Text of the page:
As much as he's running us wild and I have three extra hours of housework weekly, we are learning fast. I put our refrigerator in front of one escape route, and a dresser in front of another, leaving us with one doorway into the kitchen, until a baby gate arrives with a opening latch to replace the refrigerator barrier. He isn't allowed in our living room, and that bothers him excessively, even though we make sure someone keeps him company most of the day, in the family room, mostly, but also the kitchen and dining room.

Truthfully, it feels like there is an 18-month-old baby here, with all the charm, giggles, and good times, along with all the headache of keeping the child out of danger, and keeping him entertained. He's not into the low cupboards yet, but I'm sure it's coming.

And just like when I had 18-month-old toddlers running me wild, I wouldn't trade these times. Rudy is a delight. A real peach. A good egg. An answer to prayer, albeit a labor-intensive one.

The Holy Spirit spoke to me profoundly yesterday about the Rudy and Peter.

I was exasperated because while Peter had two friends over, he got distracted and left the yard temporarily, leading to his five-year-old sister leaving the backyard gate open, and Rudy escaping. Fortunately, I check out the window frequently when Beth is out, and I looked, aghast, at the open gate and Rudy sauntering through it. Frantically, I opened the window, shouting at the kids in the front yard to intercept him ASAP.

Peter is grounded from having friends over for three months, partially because of this incident, and because of the friends, who also own dogs, trying out improper "training" practices on Rudy, like swatting him on the nose, however gingerly. Peter did not object strongly enough, in my opinion (like me, he is still learning assertiveness), though I warned him that the friends should not interfere with the dog. Peter also disobeyed me during this same time by going across the street to the drainage ditch, intent on catching fish and frogs with his friends.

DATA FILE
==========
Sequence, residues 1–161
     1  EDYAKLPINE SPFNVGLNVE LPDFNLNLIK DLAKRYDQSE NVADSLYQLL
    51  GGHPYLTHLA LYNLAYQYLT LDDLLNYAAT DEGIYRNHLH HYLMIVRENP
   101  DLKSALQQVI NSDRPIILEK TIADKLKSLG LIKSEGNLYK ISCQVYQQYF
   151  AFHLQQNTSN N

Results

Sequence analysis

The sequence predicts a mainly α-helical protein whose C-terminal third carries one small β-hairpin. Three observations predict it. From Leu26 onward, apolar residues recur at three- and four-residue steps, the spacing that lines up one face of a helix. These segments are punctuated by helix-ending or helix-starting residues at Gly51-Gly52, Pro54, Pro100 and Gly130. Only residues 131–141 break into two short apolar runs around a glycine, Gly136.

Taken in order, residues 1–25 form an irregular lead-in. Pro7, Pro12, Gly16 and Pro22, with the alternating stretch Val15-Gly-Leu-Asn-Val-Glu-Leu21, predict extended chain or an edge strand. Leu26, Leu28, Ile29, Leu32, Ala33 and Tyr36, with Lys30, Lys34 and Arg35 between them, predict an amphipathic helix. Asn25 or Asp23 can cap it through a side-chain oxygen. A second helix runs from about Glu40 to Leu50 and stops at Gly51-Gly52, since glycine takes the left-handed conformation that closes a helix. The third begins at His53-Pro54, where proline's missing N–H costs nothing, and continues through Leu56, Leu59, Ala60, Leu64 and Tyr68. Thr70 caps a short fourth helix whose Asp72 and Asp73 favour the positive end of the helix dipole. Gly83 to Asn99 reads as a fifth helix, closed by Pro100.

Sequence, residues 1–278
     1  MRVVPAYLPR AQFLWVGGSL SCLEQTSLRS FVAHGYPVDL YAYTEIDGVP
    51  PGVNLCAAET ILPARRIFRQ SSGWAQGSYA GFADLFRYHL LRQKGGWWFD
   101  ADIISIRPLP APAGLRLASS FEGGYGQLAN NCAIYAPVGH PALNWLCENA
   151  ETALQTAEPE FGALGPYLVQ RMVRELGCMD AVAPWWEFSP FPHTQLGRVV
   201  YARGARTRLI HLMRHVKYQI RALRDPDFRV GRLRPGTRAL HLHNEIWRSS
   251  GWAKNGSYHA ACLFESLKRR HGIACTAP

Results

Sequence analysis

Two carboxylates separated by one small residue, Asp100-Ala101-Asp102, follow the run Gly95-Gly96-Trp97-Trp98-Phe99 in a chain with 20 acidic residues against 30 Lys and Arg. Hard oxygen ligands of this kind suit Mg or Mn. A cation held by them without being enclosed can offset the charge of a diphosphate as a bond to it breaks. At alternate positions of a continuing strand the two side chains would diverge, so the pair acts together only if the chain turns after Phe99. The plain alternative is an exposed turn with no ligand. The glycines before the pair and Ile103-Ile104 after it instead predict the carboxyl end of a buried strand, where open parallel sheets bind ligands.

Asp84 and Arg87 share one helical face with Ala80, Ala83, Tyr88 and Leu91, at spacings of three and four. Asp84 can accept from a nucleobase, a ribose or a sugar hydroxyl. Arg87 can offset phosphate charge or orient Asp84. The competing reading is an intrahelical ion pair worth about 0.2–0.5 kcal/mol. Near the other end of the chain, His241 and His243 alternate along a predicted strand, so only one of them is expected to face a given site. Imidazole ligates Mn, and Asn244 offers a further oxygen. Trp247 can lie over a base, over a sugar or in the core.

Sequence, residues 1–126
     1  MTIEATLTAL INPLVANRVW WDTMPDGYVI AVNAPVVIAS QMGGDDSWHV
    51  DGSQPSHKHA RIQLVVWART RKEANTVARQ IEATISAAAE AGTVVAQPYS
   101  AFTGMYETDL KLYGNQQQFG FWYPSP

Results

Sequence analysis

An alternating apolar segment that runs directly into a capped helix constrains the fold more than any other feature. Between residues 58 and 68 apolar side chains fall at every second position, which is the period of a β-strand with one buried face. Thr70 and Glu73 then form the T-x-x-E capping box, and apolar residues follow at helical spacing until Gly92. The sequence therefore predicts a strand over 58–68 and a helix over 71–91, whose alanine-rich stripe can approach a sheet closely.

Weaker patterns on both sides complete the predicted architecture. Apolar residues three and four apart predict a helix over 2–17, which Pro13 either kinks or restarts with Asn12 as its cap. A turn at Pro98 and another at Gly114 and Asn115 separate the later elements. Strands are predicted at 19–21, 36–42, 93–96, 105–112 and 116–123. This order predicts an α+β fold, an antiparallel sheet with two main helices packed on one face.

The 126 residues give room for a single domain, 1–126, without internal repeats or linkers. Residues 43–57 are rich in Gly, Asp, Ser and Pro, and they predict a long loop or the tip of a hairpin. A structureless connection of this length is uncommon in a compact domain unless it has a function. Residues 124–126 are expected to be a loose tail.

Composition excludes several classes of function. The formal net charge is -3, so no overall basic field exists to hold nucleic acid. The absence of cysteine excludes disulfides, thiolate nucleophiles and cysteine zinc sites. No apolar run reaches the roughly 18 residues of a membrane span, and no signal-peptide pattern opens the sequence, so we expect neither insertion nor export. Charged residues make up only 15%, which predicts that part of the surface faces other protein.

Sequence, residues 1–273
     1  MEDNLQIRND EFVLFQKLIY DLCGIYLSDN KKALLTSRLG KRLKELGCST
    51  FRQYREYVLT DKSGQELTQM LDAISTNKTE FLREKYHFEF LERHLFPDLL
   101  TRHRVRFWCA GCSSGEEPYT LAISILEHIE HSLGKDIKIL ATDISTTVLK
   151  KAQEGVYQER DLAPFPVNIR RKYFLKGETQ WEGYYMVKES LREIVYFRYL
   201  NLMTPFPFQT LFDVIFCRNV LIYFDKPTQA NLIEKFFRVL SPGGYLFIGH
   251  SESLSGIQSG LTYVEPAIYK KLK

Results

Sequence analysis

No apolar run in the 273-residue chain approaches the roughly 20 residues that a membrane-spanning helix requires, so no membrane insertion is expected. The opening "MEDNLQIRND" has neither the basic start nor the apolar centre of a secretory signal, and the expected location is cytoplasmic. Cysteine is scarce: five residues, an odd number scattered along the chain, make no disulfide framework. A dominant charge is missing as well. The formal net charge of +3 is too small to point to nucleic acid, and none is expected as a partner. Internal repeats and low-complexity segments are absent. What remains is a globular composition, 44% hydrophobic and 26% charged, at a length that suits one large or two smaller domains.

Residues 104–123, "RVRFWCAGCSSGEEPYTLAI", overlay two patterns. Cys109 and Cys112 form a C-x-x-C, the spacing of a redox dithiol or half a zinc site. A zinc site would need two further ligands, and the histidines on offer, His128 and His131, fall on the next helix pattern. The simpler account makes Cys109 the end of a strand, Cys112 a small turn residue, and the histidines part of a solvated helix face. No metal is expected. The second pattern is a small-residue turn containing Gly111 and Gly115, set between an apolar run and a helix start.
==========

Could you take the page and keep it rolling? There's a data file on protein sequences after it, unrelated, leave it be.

Does that sound harsh? Three months? I don't think so, and I was glad of the opportunity to teach Peter that a life is in his hands. A dog is indeed like a toddler, needing a serious parental figure to love, guide and train him.

I wake Peter up every morning on time so he can let his dog out (if we had an extra alarm clock, I'd have him use it). I don't do any dog chores for him, and I gently remind him that the dog is his responsibility, but that I will help him create a workable schedule for the dog and for his school tasks, should he need my help.

Peter is, most of the time, doing a fantastic job, displaying a stellar work ethic. He even brings along a plastic grocery bag on every dog walk, telling me, "You know, Mommy, I actually like picking up Rudy's poop on the walks. It makes me feel grown up. And you wouldn't believe how warm it is. I never knew poop came out of bodies so warm. Steam comes up from it!"

The Holy Spirit clearly said to me yesterday, as I riled from the stress:

This dog will be the making of Peter, just you wait and see.

It is with tears that I write this, thinking of all that God did to bring this particular dog to us. The whole thing involves much sacrifice and expense (initial expenses, mostly), but just like most hard things in life, the pay off will be huge.

We've encountered several novels the last few years with similar themes--a dog being the making of a boy. Nothing grows a person like parenthood, and that's what dog ownership is for tweens. It forces them to acquire and practice growing-up skills. It provides an avenue for them to invest their hearts and time, working for the good of another.

Yes, I would definitely say God knew what he was doing when he created dogs to be a man's (and a boy-man's) best friend.

Of course, the girls here love him too. :)